These descriptions of the dancer’s character, costume, choreography and motivation are interspersed throughout, each increasingly eerie and invasive until eventually it is the playwright, the artist, who is on display and poised to fail.


“Fail. Now— / there’s a beautiful name for a girl” (35-36), is how Kaschock ends the penultimate poem of the book. This line seems the inevitable conclusion to these fable poems, the word “fail” serving as a reminder of what happens when all these voices are heeded and the foundation of the self is not preserved. But it still comes as a shock that this mythology is also tragic in nature: after listening to all these voices, there is still no hero to banish them, and Jane must build the house herself after all.


BIO: Kirsten Kaschock earned her Ph.D. in English from the University of Georgia, and is currently a doctoral fellow of dance at Temple University. A Beautiful Name for a Girl is her second collection of poems and is available from Ahsahta Press. 

Language entropy

According to a study by the University of Manchester in England, the amount of information in word order is a universal trait in languages, regardless of origin. This could point to a universal factor in how people process language cognitively. So what does this mean for writing and translation? How about the way language is used in poetry and fiction across cultures? Check out the article in Wired.

Library evolution

So even though the apocalypse did not occur as predicted yesterday, if libraries continue to close around the country, life as we know it will never be the same, according to Charles Simic in the New York Review of Books. His point: that even though the Internet makes research easier, it doesn't exactly create lifelong readers. And it's true; there's something comforting about the fact of a library, even if its purpose is slowly changing. But I'm hopeful that even as libraries evolve to accommodate the latests trends in technology, they will never actually go extinct.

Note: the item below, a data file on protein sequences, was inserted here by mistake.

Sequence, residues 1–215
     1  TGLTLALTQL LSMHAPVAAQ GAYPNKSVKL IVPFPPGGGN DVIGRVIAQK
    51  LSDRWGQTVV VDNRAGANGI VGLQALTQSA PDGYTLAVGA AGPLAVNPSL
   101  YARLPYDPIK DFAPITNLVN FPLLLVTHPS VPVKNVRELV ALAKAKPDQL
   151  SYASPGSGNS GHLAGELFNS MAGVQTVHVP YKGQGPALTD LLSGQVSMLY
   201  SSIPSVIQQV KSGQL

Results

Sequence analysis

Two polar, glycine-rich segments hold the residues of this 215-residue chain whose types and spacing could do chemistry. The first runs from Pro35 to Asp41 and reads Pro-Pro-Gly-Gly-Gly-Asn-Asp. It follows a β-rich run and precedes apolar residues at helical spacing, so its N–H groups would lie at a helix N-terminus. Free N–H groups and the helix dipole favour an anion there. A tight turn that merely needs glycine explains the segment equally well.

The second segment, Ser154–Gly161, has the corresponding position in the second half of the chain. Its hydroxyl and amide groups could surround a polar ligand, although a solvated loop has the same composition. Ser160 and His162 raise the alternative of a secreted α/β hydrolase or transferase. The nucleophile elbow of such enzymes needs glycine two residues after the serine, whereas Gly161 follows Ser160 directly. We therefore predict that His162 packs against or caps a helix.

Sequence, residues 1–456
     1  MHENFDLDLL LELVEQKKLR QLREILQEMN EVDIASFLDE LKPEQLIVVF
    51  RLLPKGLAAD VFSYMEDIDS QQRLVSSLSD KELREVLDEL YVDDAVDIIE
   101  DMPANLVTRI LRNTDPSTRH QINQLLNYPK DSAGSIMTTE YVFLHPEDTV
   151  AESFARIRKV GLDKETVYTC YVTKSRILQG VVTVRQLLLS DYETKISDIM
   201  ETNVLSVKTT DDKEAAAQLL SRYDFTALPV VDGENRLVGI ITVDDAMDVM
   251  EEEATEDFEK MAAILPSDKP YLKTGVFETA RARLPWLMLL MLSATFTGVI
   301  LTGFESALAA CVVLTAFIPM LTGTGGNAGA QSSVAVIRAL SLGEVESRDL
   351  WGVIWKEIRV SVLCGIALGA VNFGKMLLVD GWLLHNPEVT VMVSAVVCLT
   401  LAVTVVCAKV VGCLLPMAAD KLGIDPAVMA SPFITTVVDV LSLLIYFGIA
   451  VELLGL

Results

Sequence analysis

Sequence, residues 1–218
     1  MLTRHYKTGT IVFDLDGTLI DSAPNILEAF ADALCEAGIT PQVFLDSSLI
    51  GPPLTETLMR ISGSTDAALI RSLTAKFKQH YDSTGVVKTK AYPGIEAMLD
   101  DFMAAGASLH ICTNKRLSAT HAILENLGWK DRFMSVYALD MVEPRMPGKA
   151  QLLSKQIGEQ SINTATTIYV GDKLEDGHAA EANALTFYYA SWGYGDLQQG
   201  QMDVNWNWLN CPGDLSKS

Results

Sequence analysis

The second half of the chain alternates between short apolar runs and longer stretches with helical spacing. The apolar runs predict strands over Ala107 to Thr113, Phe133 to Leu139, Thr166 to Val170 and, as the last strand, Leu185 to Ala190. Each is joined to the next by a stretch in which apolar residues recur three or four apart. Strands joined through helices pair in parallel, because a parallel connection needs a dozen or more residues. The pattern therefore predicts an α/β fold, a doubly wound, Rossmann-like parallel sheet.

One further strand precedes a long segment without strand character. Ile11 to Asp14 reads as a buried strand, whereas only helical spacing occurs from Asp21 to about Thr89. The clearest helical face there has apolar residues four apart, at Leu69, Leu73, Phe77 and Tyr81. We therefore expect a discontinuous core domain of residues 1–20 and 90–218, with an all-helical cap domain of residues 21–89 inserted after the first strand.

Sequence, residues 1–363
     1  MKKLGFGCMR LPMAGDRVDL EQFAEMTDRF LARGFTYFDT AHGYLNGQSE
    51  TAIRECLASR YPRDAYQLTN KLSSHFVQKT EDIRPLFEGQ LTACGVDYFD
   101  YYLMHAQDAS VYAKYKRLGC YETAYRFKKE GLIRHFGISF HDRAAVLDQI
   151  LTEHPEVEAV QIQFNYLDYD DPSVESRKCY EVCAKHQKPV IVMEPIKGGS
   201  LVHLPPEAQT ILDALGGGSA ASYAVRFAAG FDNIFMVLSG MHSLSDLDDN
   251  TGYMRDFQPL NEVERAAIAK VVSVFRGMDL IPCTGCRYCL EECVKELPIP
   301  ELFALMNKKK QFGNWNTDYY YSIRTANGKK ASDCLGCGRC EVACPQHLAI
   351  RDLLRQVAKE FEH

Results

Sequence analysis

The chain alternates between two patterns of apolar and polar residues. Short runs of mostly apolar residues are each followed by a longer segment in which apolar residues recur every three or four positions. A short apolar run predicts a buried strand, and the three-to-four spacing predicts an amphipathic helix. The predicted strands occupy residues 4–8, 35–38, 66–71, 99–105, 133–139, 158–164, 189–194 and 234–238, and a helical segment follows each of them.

Review of Larry Sawyer's "Unable to Fully California," by Connor Stratman

“Life only seemed worth living where the threshold between waking and sleeping was worn away in everyone as by the steps of multitudinous flooding back and forth.” – Walter Benjamin, “Surrealism”


            Reading poetry has become an act of flooding, a flood of words, a bleeding between of meanings. The very act stimulates a panic in the reader, an almost political paranoia of language. Can we even trust poetry? What can it offer us now?

            On one hand, there are those who place infinite faith in the hope of poetry’s renewal, those who theorize and attempt to write works that are conceived as the great new innovation of the art (Conceptual writing, or the new trend in “theme” centered collections of lyric). On the other hand, there are those who wholly disparage poetry (beware the New Classicism! and the alienated non-reader!) for its allegedly growing obscurity and inaccessibility, and therefore its alleged uselessness as a social fact.

            Larry Sawyer’s Unable to Fully Californiais wholly aware of these questions. Yet, in lieu of quelling the reader’s anxiety about poetry’s place, his poems rather expand upon the aforementioned questions; he does not seek to answer, but to complicate. The poems themselves are frenzied and varied, vocalizing both a multitude and a solitude.